[W]hen I was studying Talmud with my grandfather, I expressed boyish skepticism about the Revelation on Sinai. Unperturbed, my grandfather said, “Of course it happened. My father was there, and he told me about it.”
“Oh, Zaideh, your father?” I protested. “Come on.”
“Well, then, my grandfather or my great-grandfather, same thing,” said Zaideh. “And would he lie to me?”

Wouk goes on to say,
…One finds the same [mind-boggling collapsing of time] in even starker form at the heart of the Passover Haggadah. “In every generation a man is obligated to regard himself as having personally come out of Egypt, for it is written, ‘And you shall tell your son, this is what God did for me when I left Egypt.’”

Jesus says to us,
“For I have set you an example, that you also should do as I have done to you.”

It’s not enough that he’s about to go to a humiliating, excruciating, terrifying death on the cross? He has to get down on the floor and wash our feet first?

There’s a traditional part of the Seder, a song called “Dayenu,” which means, “It would have been enough.” Day, dayenu, day, dayenu… and following each round is a recitation of God’s outrageous, extravagant outpouring of love, of gift upon gift upon gift.

Had God brought us out of Egypt, and not supported us in the wilderness, it would have been enough. Dayenu.

Had God given us the Sabbath, and not the Torah: Dayenu.

Had God given us the Torah, and not brought us to the land of Israel: Dayenu.
Like that.

It’s one of the ways we remember.

Because apparently it’s not enough for God that God loves us. God wants us to know ourselves to be loved. And so God tells us to mark our doorposts and lintel with blood, as a sign for us that no harm shall come to us as God delivers us from bondage.

Had God delivered us only from Pharaoh, and not from our own self-doubts:

Had God given us only the Gift, and not the Promise that we are heirs to the Gift:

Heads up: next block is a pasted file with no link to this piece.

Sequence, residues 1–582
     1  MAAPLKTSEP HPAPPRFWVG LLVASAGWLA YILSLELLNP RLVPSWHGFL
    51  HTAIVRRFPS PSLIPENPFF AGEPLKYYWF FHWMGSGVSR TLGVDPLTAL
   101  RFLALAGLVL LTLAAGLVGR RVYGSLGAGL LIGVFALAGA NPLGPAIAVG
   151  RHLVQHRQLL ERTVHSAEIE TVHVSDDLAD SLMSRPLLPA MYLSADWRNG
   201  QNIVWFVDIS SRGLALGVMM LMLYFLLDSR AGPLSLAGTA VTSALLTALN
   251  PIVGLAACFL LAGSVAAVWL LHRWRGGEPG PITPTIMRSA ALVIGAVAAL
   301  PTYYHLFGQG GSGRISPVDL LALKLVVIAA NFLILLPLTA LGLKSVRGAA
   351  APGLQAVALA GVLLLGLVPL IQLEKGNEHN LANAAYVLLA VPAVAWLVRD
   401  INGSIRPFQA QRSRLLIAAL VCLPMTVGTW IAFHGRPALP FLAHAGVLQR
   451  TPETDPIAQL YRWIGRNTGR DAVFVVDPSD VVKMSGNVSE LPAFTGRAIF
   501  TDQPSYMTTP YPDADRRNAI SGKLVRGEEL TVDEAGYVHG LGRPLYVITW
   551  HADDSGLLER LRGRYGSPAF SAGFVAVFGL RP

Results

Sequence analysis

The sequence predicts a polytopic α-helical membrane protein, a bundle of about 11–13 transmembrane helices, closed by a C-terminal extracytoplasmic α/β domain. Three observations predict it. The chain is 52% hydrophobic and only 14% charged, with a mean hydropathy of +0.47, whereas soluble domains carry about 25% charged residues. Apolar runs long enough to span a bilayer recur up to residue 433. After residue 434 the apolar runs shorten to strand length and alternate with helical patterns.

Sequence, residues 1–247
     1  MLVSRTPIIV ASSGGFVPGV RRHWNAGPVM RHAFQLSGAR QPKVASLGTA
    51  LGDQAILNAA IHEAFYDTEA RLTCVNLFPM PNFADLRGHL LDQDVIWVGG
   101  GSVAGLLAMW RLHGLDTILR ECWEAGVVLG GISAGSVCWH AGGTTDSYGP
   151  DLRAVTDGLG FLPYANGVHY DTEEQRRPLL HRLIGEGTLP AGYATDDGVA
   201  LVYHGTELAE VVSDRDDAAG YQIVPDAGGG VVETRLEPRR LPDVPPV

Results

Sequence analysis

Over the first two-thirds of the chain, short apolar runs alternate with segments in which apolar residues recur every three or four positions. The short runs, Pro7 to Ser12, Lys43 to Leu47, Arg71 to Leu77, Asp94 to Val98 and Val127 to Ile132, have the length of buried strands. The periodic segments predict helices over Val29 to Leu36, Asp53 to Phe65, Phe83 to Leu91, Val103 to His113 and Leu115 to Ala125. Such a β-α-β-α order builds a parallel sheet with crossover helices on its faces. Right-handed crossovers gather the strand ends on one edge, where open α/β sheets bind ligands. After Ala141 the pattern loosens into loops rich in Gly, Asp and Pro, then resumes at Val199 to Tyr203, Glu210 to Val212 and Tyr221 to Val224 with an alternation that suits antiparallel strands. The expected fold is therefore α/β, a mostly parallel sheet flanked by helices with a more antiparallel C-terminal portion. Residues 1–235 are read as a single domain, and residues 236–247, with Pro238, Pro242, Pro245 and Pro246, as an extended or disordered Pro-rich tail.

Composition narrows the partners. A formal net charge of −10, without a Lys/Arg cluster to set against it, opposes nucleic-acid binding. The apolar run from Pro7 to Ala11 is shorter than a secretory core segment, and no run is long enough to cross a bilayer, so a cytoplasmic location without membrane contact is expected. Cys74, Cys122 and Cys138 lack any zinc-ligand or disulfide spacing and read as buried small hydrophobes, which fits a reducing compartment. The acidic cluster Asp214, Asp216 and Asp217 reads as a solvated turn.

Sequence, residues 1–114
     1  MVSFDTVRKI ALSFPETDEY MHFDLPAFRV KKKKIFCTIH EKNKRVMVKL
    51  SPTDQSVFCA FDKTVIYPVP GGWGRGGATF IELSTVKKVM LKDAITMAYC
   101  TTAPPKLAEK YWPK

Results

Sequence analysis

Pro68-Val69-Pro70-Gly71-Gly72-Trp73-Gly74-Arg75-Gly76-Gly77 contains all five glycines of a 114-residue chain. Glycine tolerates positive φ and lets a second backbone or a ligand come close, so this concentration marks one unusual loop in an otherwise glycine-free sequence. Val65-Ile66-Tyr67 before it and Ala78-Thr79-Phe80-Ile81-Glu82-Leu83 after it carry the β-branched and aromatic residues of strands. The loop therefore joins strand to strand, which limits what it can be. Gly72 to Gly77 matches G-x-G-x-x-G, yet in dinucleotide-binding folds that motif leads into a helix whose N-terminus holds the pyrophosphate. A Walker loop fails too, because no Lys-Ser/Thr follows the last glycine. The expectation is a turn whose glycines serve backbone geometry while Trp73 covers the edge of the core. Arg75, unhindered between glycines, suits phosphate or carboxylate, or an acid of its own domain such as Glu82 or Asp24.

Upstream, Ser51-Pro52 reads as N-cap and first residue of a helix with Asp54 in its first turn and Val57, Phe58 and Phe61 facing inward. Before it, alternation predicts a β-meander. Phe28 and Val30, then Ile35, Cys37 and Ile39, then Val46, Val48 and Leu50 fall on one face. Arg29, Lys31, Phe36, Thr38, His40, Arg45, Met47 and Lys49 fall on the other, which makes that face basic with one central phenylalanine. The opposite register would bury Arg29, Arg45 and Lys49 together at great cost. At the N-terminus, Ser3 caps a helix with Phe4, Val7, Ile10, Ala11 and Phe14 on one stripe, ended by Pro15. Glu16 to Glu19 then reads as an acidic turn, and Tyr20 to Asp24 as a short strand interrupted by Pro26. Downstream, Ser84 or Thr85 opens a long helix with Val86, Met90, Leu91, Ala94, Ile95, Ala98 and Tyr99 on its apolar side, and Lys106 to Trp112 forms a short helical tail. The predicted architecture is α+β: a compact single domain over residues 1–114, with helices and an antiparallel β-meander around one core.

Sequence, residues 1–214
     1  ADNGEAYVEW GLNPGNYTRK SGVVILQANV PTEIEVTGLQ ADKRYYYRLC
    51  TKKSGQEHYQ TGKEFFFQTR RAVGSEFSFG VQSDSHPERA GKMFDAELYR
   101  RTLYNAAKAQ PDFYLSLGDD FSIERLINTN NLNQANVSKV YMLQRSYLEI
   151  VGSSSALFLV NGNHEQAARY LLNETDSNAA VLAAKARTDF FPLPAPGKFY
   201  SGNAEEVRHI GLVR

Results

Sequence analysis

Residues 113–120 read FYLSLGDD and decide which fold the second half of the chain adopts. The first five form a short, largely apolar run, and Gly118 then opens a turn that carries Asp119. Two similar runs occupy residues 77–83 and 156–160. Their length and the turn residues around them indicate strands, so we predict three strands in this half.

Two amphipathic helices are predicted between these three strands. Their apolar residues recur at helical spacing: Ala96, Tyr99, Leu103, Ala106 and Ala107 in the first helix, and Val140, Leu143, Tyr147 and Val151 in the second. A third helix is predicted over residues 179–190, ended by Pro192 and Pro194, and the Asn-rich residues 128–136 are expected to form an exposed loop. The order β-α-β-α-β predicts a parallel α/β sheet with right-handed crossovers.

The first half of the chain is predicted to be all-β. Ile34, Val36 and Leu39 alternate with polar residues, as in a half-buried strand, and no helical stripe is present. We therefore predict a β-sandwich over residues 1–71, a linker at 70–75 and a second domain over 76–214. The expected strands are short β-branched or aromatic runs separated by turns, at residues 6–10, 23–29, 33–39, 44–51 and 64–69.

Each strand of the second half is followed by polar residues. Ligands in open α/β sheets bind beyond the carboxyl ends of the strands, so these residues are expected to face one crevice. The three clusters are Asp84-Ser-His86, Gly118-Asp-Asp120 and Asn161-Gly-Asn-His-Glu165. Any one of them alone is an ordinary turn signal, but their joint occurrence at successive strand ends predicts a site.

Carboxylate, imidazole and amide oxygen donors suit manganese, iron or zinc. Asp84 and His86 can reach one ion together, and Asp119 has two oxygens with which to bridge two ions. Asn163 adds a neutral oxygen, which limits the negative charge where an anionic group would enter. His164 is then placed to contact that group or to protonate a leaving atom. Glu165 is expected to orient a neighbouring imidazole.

Had God given us only the Promise, and not the signs by which we know and remember:

Had God given us only the Incarnation, and not the Apostles:

Had God given us only the Savior who died on the cross, and not the Teacher who washes our feet:

Had God given us only God’s own self, and not one another:


yours in the struggle,


At 6:50 PM, Blogger Kirstin said...

Thank you.

At 5:52 AM, Blogger Missy said...

Wow. These are amazing bits of insight. Well said.

At 7:51 PM, Blogger FranIAm said...

This took my breath away- thank you.

At 12:08 PM, Blogger Wren said...

All good, Max. Beautifully thought out, beautifully written and presented.
There's just one thing that niggles at me:
What about the poor, hapless, grieving Egyptian parents who lost their first-born children that night to the vengeful God who created them, just like he'd created the Israelites, but, it seems, who liked the Israelites a lot better? What about them? What about all those poor people who were punished for not believing the same way as the Israelites?
I'm sorry. I can't accept it as anything but another elaborate excuse for humankind's own inhumanity toward the "other."
Convince me otherwise.

At 12:11 PM, Blogger Wren said...

Oh, and by the way -- I've sure missed you, sweet Max. Welcome back.